Sighs of relief - and sadness - have greeted the news that Ilkley Moor's Eagle Owl has been captured.

The massive bird, believed to have been nesting on the Moor for the last two years, made the headlines last week when it appeared to attack two sets of walkers.

Ilkley couple Andrew Shaw and Lucinda Warnes were dive-bombed by the escaped owl twice near the Cow and Calf Hotel.

Keighley fire-fighter Stuart Minnikin, meanwhile, had to fend the bird off his terrified six-year-old daughter, Holly.

While no-one was injured, Bradford Council's Countryside Service deemed the incidents serious enough to step up its ongoing mission to capture the creature.

The bird was finally lured into a trap cage in the Rocky Valley part of the Moor last Thursday night.

Countryside Service team leader Danny Jackson said: "The bird is not native to Britain and its presence in the area was causing concern.

"It posed a threat to other bird populations and, just as worrying, carried the threat of attack to walkers on the moor.

"It is possible the Eagle Owl had expected these people to feed it, as it had come from captivity, but the presence of a bird with a height of around 25 inches and wingspan of 1.5 metres must have been very distressing."

Countryside ranger in charge of Ilkley Moor, Richard Perham, added: "It was the first time we had set a box trap for it so we were quite lucky, although we've been feeding it for a while to get it used to taking bait."

The male bird, believed to be at least six years old, is now being cared for by licensed bird keeper Geoffrey Surtees, in Shipley.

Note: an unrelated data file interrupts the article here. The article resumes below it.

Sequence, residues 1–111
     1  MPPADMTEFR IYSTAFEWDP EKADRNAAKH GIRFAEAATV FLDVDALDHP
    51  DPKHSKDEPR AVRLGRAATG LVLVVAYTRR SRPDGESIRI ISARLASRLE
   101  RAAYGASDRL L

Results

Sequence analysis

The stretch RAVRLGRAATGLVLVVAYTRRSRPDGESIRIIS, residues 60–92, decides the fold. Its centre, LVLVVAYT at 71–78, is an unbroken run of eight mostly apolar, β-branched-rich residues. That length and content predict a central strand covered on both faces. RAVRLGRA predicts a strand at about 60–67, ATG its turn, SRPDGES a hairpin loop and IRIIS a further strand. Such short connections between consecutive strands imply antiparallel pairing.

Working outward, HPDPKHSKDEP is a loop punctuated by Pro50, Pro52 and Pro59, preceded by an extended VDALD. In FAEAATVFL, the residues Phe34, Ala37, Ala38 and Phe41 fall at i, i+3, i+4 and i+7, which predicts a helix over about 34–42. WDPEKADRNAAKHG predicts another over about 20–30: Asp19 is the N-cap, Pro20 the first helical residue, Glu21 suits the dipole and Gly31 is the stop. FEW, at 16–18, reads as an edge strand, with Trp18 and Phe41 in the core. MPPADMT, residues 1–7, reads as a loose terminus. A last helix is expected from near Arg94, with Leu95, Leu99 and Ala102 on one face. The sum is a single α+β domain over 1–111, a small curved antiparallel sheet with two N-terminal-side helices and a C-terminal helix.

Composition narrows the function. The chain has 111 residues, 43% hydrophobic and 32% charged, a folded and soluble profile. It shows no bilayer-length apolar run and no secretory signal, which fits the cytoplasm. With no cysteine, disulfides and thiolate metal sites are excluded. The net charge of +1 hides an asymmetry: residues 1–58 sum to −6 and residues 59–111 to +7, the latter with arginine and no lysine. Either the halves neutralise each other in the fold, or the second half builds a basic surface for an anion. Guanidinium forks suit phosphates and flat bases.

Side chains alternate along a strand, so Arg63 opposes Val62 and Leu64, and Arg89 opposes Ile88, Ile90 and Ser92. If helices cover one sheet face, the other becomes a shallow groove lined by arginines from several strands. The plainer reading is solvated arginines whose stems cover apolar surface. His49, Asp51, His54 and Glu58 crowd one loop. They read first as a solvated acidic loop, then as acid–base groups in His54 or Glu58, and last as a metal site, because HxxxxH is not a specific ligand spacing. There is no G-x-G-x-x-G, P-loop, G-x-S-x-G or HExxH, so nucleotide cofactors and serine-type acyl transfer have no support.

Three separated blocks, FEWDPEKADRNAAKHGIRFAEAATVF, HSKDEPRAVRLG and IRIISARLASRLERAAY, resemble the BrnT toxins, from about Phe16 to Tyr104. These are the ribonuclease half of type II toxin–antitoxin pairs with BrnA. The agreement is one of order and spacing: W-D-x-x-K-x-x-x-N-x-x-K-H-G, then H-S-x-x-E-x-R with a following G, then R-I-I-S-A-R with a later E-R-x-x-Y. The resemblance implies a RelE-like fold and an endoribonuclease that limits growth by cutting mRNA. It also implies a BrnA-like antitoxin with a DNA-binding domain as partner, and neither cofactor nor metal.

Mr Surtees says the owl, which is thought to have escaped from a private collection and still has its original leather leg straps, is in "perfect" condition.

"He's in beautiful shape," he said, "and has been living well off of grouse, rabbits and small, ground-nesting birds.

"He weighed in at 4lbs 12 ounces, which is a good weight, and he is very tame. I don't think he would attack anybody - he was probably just coming down out of curiosity or for food."

The bird's details are now being checked against a register in a bid to trace its owner, but with no leg-ring attached Mr Surtees admits that could prove impossible.

"We'll find it a good home, though," he said.

Despite his recent close encounter with the feathered attacker, website company project manager Mr Shaw admitted to having mixed feelings about its capture.

"On the one hand it's a shame because it's just an interesting thing to have in the area," he said, "and it was obviously surviving quite well in the wild.

"But if it's attacking people, and especially little children, then it is a bit of a worry and I suppose it had to go."

Frances Stockhill and her husband Graham, of Sefton Drive, Ilkley, were two of the last people to view the bird in the wild.

Mrs Stockhill said: "It was around 7.20pm last Monday and my husband had just heard a very odd, loud hooting noise and gone out to investigate.

"I found it perching on our balcony, which is the same height as the trees, and I watched it through the window, just feet away from my face.

" It was a marvellous sight, very big with large green, beady eyes.

"I'm quite upset it has been caught, poor creature - I know it shouldn't attack people but I think it should be out and about and have its freedom.

"We shall miss hearing it in the woods behind the house."